Two ancient languages of India, Sanskrit and Tamil talk of The Ramayana and Mahabharata.
Sanskrit and Tamil quote each other that it well-nigh impossible to know which is earlier.
Ramayana was written by Valmiki in Sanskrit and was extensively quoted by ancient Tamil Literature, some as old as five thousand years.
There is also evidence to suggest that Valmiki knew Tamil and wrote Tamil Vanmikakovai.
Post on Was Valmiki a Tamil?, follows.
The Ramayana speaks of Ravana as a Rakshasa.
He is also described as Asura, meaning a man of immense Strength and Valor.
The Rakshasas, according to Puranas, lived down south, an allegory that they lived south of the Vindhyas.
There are references to Kumari Kandam, a Super Continent, of which Lanka formed a part.
The three kings of South India had close contacts with the kings of Lanka.
To such an antiquity that Ravana, who was engaged in stirring trouble in the Pandya Kingdom.
He was reported to have been checked by a Pandya King and Ravana sued for Peace.
This has been found in the Chinnamanur inscriptions, Tamil Nadu.
“The Sanskrit portion of the bigger Sinnamanur plates begins with a fragmentary verse in which the king (perhaps Pandya) boasts of having subdued the ocean — an attribute which the mythical Pandya kings generally assumed in consequence, perhaps, of their sea-bordering kingdom, their naval power, and their sea-borne trade, from the earliest historical times. From him were descended the kings known as Pandyas (v. 2) ‘who engraved their edicts on the Himalaya mountain’ and whose family-priest was the sage Agastya (v. 3). One of the Pandya kings is said to have occupied the throne of Indra (v. 4) and another to have shared it with that god, and still another, to have caused the Ten-Headed (i.e., Ravana of Lanka) to sue for peace (v. 5). One was a conqueror of the epic hero Arjuna Verse 8 refers to a king who cut off his own head in order to protect that of his master and also to a certain Sundara-Pandya who had mastered all the sciences. Many kings of this family had performed Vedic sacrifices Rajasuya and Asvamedha (v. 9).”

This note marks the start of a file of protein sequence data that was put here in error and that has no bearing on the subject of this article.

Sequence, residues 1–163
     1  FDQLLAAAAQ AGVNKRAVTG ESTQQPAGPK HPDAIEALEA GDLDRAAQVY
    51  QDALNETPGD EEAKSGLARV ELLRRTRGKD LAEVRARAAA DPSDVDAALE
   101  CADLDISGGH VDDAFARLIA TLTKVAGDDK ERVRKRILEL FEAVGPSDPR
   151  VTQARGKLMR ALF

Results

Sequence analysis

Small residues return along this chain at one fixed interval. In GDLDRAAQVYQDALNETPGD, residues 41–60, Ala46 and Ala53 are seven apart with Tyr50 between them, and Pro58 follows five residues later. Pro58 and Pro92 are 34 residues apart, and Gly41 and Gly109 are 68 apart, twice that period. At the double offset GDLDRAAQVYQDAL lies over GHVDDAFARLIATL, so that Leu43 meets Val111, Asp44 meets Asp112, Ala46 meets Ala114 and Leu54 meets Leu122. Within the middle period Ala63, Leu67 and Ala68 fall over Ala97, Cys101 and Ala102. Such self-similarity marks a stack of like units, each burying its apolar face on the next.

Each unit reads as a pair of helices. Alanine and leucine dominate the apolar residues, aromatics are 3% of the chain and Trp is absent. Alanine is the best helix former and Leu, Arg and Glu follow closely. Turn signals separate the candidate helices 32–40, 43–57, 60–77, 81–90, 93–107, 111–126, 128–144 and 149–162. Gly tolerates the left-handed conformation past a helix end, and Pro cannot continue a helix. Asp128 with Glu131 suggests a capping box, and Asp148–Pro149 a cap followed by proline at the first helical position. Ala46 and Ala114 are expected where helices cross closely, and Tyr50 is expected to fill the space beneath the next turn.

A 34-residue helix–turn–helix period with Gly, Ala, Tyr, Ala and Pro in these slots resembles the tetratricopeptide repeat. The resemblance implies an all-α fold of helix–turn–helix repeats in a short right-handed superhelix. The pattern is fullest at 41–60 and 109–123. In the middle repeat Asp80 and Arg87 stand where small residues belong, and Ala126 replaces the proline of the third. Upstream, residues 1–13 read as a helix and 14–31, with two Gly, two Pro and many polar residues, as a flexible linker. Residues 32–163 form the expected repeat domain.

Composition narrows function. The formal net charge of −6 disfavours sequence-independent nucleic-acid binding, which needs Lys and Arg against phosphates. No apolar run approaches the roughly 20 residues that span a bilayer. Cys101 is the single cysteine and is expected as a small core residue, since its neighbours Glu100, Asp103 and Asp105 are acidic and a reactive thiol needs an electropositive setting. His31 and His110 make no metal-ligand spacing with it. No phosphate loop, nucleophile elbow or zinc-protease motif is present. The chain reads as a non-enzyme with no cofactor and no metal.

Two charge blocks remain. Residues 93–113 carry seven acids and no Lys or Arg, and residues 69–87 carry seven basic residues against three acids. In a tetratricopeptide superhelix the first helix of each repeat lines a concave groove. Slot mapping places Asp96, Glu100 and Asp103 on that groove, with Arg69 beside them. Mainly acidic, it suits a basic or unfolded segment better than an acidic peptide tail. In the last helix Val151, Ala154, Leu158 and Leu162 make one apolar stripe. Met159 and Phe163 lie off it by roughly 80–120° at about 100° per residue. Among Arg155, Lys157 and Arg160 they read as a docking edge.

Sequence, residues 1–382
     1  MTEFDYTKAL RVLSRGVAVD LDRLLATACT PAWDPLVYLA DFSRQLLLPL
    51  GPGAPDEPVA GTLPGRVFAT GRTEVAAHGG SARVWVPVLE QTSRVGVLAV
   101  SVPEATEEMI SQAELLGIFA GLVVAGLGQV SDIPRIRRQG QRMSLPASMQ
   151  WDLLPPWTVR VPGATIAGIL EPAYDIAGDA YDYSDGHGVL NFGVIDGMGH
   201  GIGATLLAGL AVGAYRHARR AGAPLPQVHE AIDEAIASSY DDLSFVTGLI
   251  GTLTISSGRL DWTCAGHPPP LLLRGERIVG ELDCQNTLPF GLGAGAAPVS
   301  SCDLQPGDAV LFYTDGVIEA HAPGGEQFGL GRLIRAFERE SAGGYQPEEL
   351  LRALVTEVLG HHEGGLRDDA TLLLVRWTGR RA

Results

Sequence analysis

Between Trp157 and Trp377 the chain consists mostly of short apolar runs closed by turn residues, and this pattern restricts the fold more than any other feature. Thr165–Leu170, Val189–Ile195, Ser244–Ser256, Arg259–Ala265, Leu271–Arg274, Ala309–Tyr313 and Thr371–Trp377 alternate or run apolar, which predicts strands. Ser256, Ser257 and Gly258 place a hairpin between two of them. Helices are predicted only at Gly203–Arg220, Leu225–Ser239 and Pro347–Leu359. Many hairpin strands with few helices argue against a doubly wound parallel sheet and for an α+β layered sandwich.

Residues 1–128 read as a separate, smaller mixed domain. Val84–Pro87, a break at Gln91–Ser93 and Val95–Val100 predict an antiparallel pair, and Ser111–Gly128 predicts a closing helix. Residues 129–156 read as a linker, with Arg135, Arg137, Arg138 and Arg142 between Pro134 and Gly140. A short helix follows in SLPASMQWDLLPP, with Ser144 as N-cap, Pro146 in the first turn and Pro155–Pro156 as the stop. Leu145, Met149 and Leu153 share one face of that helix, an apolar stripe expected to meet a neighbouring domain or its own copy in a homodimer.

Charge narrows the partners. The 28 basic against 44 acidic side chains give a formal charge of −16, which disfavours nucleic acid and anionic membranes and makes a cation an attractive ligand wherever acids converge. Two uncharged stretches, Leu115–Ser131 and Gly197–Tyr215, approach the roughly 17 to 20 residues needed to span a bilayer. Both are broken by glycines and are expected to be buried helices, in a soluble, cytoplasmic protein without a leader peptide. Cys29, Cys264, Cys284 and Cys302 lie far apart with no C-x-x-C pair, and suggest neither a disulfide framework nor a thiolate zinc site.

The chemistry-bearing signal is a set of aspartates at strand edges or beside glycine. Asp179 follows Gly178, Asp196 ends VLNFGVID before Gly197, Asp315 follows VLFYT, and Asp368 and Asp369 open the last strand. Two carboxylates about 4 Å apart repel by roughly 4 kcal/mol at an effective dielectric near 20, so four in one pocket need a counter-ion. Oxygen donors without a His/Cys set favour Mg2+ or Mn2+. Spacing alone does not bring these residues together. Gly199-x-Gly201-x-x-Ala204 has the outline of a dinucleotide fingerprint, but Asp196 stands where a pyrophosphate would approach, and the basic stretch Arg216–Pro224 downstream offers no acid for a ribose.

“Pathupattu in Tamil (Ten long poems) has ten books and one of them is Maduraikanchi. This very long poem has a reference to Ravana (lines 40-42).”
* I am unable to vouch this as these lines do not see to refer Ravana.
“தொள் முது கடவுள் பின்னர் மேய,
வரைத் தாழ் அருவிப் பொருப்பின் பொருந!”
The above is from Madurai Kanchi,a Sangam Literary work, there seems to be no reference to Ravana here.
There are references by Nachinarkiniyar, a Tamil Commentator of the Sanga Era on Agsthya and Ravana.
And there is a reference by Kalidasa in Raghuvamsa.
(This raises the question about Kalidasa’a Date)
““Pandya wore pearl garlands and sandal paste. He was soaked in Avabrutha Snanam during Asvamedha yajna. Ravana was so scared that Pandya may attack and capture his Janasthana (in Dandakaranya), so he made a peace treaty with the Pandya king and then went to win Indraloka. Pandya was praised for receiving a weapon (Brahmsiras) from Lord Shiva.
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